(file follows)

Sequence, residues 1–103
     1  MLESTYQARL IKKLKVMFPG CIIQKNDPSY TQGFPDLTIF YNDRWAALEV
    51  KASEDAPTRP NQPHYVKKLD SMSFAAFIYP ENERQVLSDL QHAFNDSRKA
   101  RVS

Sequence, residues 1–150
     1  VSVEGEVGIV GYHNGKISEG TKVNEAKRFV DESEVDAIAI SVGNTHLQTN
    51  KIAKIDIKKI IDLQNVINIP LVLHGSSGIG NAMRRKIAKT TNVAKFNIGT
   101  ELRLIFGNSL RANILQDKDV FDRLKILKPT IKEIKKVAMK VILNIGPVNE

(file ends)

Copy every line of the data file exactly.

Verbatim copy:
Sequence, residues 1–103
     1  MLESTYQARL IKKLKVMFPG CIIQKNDPSY TQGFPDLTIF YNDRWAALEV
    51  KASEDAPTRP NQPHYVKKLD SMSFAAFIYP ENERQVLSDL QHAFNDSRKA
   101  RVS

Sequence, residues 1–150
     1  VSVEGEVGIV GYHNGKISEG TKVNEAKRFV DESEVDAIAI SVGNTHLQTN
    51  KIAKIDIKKI IDLQNVINIP LVLHGSSGIG NAMRRKIAKT TNVAKFNIGT
   101  ELRLIFGNSL RANILQDKDV FDRLKILKPT IKEIKKVAMK VILNIGPVNE